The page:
Attachment Mindmap

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  • Created on: 05-04-19 09:44
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  • Attachment
    • Caregiver-infant Interactions
      • Newborn babies have 'alert phases'. Feldman & Eidleman (2007)
        • Difficult to know what is happening when observing infants. Gratier (2003)
        • Well-controlled procedures are used in research.
        • Observations don't tell us the purpose of synchrony & reciprocity.
        • Mother-infant interactions research is socially sensitive.
        • Research has potential value to society. Crotwell et al. (2013)
      • Interactional synchrony = mirroring.
      • Interactional synchrony at 2 weeks old. Meltzof & Moore (1977)
      • High synchrony = higher quality attachment. Isabella et al. (1989)
      • Reciprocity: one person responds to the other. Brazleton et al. (1975)
      • Babies are active so don't take a 'passive role'.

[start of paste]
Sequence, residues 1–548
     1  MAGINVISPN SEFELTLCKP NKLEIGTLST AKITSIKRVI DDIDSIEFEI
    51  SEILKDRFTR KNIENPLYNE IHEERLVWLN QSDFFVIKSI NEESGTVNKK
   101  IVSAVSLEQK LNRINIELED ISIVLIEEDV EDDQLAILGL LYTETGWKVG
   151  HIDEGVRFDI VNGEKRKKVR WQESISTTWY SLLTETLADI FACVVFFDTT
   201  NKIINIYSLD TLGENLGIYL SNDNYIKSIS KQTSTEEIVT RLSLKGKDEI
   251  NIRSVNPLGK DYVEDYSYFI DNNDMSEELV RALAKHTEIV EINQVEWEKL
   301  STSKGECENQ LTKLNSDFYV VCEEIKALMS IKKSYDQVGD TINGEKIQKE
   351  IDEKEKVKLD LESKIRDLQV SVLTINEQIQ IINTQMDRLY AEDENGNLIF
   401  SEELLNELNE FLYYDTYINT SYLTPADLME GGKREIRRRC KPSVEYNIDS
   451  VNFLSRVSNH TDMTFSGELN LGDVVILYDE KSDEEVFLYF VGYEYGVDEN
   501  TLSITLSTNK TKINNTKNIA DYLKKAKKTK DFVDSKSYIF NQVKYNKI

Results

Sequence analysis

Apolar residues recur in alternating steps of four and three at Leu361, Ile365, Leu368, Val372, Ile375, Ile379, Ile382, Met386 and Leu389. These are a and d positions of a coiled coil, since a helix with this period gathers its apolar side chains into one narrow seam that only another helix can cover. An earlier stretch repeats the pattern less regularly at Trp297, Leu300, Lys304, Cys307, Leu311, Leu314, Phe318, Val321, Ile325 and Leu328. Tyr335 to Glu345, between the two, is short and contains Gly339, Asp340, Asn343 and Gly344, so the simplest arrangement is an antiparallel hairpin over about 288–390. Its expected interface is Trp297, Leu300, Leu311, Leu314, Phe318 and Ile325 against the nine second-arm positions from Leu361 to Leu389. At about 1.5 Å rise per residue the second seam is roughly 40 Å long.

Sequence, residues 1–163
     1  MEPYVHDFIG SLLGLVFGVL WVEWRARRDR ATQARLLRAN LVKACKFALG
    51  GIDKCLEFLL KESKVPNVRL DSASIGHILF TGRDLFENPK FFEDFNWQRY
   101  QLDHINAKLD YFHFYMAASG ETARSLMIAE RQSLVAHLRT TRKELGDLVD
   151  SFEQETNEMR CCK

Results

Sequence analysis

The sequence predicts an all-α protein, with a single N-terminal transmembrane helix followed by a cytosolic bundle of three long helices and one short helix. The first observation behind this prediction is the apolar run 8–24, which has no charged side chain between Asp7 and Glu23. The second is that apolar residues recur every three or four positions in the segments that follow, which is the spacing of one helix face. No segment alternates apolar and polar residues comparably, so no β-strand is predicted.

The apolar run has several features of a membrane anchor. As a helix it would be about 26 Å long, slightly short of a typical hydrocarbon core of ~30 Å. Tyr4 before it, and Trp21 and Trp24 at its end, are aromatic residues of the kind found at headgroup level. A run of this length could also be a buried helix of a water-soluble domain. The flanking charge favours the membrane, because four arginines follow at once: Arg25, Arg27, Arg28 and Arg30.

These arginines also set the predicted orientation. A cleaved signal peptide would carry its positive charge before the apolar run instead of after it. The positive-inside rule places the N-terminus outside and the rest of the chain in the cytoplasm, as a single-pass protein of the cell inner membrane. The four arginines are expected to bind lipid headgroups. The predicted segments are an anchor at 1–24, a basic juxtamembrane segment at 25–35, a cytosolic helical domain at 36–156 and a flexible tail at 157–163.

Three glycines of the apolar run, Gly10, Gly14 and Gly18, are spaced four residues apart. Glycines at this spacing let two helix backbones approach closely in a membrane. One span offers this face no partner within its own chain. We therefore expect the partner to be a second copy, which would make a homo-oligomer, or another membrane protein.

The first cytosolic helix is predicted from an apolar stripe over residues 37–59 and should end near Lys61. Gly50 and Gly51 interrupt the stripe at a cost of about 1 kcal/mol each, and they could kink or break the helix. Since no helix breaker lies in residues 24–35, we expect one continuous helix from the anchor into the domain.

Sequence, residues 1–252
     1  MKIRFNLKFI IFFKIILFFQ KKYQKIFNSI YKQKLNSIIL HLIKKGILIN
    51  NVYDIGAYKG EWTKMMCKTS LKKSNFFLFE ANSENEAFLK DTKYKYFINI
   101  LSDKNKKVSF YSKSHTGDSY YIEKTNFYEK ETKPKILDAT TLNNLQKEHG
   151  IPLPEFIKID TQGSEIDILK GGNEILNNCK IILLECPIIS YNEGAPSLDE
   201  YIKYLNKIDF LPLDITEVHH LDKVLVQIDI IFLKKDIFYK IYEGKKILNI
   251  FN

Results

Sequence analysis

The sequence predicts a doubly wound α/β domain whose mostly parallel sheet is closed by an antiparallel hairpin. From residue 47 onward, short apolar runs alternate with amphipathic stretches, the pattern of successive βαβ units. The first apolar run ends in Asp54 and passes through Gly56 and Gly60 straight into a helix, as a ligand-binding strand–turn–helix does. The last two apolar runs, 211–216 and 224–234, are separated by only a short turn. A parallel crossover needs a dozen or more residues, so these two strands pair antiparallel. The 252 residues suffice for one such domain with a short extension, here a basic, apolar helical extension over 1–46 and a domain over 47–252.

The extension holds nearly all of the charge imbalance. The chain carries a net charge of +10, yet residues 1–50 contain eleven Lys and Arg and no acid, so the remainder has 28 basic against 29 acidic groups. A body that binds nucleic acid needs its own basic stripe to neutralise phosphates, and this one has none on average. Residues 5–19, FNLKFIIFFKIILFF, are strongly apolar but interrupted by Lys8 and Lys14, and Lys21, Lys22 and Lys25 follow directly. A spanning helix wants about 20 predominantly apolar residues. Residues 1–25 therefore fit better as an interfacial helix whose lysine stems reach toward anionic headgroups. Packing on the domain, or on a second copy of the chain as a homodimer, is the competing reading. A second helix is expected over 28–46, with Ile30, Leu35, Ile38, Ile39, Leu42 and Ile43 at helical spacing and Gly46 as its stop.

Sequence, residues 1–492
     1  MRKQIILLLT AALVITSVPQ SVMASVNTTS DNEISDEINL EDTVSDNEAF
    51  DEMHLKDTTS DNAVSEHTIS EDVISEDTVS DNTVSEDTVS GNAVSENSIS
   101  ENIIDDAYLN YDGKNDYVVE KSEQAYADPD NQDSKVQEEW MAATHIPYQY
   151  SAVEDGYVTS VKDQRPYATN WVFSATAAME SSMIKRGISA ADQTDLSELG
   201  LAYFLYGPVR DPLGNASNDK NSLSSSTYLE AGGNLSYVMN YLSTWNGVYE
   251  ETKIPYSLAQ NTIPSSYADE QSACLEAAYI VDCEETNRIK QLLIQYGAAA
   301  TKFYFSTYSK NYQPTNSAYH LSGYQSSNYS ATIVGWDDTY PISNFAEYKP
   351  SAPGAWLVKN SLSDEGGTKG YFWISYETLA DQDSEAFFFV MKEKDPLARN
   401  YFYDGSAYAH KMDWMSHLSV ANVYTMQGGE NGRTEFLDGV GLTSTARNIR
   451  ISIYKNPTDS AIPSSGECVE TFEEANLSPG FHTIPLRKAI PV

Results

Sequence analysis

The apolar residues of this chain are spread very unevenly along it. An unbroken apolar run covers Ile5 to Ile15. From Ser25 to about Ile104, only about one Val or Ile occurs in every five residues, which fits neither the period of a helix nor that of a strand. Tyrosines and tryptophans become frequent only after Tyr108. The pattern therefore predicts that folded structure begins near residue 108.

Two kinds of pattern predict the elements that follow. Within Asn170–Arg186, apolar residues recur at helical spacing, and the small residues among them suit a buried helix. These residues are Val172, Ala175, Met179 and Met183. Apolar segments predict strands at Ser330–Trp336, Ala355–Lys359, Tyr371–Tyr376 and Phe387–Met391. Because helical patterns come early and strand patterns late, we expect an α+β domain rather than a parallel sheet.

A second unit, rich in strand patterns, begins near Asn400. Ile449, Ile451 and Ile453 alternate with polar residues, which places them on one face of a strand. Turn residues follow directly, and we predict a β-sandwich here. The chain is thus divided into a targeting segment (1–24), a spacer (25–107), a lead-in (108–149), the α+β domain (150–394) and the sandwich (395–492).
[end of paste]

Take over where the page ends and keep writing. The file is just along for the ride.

• The Role of the Father
      • Primary  attachment usually with mothers but sometimes with both. Schaffer & Emerson (1964)
        • Research fails to provide a clear answer about fathers & primary attachments.
        • Research has important economic implications.
      • 75% of infants eventually form secondary attachments with father.
        • Researchers are interested in different questions.
      • Attachment with mother most related to teen attachments. Grossmann (2002)
        • Evidence undermines the idea of fathers having distinct roles. McCallum & Golombok (2004)
      • Father's play is more important.
        • Social biases prevent objective observation.
      • Fathers can be primary caregivers. Field (1978)
      • Level of response is most important.
    • Schaffer's Stages of Attachment
      • 1) Asocial stage (0-2 months)       2) Indiscriminate attachment (2-7 months) 3) Specific attachment (7+ months) 4) Multiple attachments (10+ months)
        • Faulty method of assessing multiple attachment. Bowlby (1969)
        • Flawed methods when studying the asocial year.
        • Evidence on the timing of multiple attachments is conflicting. Ijzendoorn (1993)